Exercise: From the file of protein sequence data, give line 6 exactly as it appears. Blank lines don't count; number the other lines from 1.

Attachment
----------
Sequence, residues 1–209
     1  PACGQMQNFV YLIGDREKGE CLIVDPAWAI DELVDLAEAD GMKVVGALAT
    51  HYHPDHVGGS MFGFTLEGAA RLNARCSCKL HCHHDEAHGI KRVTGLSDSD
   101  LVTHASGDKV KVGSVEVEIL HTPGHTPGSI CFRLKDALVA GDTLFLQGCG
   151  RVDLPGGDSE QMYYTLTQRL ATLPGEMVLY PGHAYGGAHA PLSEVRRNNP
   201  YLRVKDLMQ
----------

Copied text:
   201  YLRVKDLMQ